Prosecutor General Hussain Shameem states his office will make a decision on pursuing charges in the case involving corruption in the award of a government contract to procure ventilators, and the case against Sports Minister Ahmed Mahloof next week.
In a press conference on Sunday afternoon, Shameem said that the Prosecutor General’s Office prioritizes cases sent by the Anti-Corruption Commission (ACC).
He said that given the ACC is an independent institution, the Prosecutor General’s Office is often unfamiliar with the cases submitted by the commission given lack of involvement during the investigation stage, posing challenges for the Prosecutor General’s Office.
“Unlike the police or other investigative agencies, the Anti-Corruption Commission (ACC) is a very independent, autonomous institution. So, they sometimes never discuss with us,” he said.
Shameem said that some of the cases submitted to the Prosecutor General’s Office therefore don’t meet basic legal requirements.
He said that the Prosecutor General’s Office is engaged in discussions with the ACC regarding the issue.
“The ventilator case too, was submitted after re-investigation without prior discussion. We are therefore reviewing the documents. We expect to make a decision regarding the ventilator case, and Minister Mahloof’s case early next week,” he said.
The ventilator case involves a MVR 34.50 million contract awarded by Health Ministry to Dubai-based Executors General Trading to procure 75 ventilators in 2020, which the Auditor General’s Office found to be in breach of Public Finance Regulation.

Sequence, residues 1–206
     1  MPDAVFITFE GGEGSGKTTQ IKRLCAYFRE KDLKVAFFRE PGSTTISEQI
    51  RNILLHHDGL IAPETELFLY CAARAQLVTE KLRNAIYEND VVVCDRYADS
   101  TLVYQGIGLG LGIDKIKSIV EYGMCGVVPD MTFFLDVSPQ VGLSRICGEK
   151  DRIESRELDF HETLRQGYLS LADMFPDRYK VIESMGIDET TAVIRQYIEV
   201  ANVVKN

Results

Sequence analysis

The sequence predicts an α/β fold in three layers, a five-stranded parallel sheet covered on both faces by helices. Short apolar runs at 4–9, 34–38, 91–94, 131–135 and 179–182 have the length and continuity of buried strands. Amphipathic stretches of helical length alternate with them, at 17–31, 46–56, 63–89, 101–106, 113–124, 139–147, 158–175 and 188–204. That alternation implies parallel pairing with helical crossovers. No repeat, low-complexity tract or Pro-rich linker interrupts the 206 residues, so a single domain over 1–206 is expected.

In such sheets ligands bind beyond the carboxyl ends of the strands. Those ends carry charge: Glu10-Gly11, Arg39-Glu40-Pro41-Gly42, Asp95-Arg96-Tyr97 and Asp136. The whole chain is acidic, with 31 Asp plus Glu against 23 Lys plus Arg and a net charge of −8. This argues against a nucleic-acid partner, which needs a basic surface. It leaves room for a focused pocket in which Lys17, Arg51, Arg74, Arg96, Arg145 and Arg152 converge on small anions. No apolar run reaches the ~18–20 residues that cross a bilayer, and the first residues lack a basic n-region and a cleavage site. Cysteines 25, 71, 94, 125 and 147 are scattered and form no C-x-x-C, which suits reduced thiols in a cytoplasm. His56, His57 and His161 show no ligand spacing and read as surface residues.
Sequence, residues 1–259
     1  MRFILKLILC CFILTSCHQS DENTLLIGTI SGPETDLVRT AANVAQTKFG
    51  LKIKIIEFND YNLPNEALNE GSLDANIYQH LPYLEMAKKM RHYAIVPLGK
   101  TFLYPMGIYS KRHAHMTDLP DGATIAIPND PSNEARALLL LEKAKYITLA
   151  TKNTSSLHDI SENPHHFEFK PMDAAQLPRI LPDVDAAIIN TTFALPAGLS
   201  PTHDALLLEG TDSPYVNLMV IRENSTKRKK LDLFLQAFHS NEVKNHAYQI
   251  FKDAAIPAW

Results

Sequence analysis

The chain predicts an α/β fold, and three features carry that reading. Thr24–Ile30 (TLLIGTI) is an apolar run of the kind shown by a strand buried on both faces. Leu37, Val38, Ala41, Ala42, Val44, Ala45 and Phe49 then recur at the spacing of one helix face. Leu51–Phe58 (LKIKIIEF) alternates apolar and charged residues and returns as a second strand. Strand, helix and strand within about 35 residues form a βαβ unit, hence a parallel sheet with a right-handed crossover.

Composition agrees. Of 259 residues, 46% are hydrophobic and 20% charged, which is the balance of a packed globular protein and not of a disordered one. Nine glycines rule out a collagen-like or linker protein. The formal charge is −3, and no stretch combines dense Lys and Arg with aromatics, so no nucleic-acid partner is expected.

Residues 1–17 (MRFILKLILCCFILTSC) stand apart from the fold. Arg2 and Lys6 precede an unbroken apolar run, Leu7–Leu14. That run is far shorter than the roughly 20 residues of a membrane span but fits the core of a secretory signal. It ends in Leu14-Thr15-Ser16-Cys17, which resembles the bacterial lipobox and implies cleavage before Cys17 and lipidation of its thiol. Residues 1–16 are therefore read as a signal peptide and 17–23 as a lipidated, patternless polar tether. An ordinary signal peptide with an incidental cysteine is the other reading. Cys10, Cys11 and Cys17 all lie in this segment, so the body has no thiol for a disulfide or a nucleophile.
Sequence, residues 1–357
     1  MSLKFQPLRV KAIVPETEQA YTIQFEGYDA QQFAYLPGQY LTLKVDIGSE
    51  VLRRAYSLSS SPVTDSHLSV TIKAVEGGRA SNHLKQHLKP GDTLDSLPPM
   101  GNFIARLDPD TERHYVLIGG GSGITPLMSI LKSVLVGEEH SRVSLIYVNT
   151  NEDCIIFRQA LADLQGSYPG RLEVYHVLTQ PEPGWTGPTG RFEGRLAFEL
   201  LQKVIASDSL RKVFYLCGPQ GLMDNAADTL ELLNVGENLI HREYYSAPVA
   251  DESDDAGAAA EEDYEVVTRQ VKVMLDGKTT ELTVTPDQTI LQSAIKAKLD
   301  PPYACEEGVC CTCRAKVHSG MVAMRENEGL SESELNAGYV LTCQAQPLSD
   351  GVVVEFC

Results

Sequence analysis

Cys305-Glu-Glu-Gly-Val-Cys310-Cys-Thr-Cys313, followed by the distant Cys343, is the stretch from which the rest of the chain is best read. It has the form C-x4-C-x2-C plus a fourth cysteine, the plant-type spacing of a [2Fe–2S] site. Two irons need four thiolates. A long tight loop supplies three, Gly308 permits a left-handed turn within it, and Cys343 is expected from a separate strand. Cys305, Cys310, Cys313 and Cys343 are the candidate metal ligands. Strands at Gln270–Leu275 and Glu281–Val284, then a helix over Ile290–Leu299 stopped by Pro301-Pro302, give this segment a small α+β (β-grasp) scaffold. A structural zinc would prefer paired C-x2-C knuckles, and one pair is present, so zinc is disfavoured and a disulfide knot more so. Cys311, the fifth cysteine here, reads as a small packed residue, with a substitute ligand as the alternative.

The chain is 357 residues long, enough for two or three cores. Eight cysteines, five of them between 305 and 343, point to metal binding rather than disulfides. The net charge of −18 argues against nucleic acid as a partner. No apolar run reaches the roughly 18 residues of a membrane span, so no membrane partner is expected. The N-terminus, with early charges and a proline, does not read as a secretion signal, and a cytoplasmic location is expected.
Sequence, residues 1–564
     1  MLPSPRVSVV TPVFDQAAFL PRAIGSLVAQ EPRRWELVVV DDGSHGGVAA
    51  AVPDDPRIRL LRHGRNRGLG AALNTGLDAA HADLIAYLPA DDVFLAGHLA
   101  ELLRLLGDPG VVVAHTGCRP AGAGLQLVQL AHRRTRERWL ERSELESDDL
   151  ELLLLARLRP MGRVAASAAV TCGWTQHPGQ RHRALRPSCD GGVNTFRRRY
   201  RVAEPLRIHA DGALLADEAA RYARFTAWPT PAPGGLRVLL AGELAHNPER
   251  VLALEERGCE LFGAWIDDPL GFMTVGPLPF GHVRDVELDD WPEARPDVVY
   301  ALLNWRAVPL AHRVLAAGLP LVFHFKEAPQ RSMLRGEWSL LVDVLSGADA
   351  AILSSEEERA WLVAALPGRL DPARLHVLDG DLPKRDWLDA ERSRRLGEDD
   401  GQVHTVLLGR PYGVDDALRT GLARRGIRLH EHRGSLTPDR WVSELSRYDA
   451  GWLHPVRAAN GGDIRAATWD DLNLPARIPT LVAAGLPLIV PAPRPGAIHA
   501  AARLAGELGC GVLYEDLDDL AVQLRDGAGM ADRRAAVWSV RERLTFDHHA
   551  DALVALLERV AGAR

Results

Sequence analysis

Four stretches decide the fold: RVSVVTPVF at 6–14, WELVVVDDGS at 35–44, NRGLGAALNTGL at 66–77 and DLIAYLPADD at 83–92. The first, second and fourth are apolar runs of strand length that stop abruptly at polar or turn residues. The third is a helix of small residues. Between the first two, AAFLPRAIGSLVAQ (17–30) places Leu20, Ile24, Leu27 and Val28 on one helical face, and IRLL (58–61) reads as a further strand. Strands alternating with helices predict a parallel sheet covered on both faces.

ACC, which investigated the case, requested the Prosecutor General’s Office for criminal charges against 11 government officials in connection to the case, including then-Health Minister Abdulla Ameen. However, the Prosecutor General’s Office declined charges in the case, siting insufficient evidence. The Prosecutor General’s Office later reviewed the decision, but decided not to change its earlier decision not to pursue charges.
Following backlash over the decision, the Prosecutor General’s Office issued a statement in March acknowledging concern from ACC and the general public over the decision to decline charges, and announcing the decision to review the decision and re-examine the case. ACC submited the case after re-investigation on November 1.
Executors General Trading only delivered 15 ventilators, and while Health Ministry paid MVR 30.91 million, which made for 90 percent of the total payment, to the company as an advance, without obtaining an advance guarantee or a performance guarantee.
Maldivian government served notice for termination of the contract for failure to deliver the ventilators in May.
Meanwhile, the case against Mahloof is based on ACC's findings that in 2014, then-parliamentarian Mahloof received USD 33,000 in funds stolen from MMPRC as a bribe from then-Vice President Ahmed Adeeb Abdul Gafoor to remain a member of Progressive Party of Maldives (PPM) and vote for the Special Economic Zone (SEZ) Bill.
ACC found a USD 33,000 cheque was deposited to Mahloof’s bank account by SOF Private Limited – the company accused of laundering the stolen funds, and said that though Mahloof submitted a ‘Payment Received’ slip in the name of SOF as evidence it had been a legitimate business transaction to procure US dollars, the commission had witnesses and other evidence to prove otherwise.
However, Mahloof contained to maintain his innocence and described the case against him as a political conspiracy to remove him from office.